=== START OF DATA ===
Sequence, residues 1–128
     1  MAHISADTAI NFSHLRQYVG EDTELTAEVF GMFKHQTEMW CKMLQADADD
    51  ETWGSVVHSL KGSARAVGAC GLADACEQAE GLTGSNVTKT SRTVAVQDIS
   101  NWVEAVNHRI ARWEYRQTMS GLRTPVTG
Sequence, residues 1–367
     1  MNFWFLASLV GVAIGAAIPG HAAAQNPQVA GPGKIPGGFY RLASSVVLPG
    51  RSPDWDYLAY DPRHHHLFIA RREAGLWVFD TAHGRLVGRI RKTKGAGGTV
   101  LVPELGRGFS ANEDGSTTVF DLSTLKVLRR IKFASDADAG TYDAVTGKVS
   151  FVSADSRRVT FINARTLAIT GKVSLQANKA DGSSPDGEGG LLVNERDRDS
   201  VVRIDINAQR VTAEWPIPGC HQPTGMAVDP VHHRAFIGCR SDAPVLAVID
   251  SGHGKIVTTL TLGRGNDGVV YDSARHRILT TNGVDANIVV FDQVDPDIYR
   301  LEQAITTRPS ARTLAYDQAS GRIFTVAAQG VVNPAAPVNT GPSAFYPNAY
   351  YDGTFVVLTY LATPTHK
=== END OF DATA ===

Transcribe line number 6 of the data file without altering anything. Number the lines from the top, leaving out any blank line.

     1  MNFWFLASLV GVAIGAAIPG HAAAQNPQVA GPGKIPGGFY RLASSVVLPG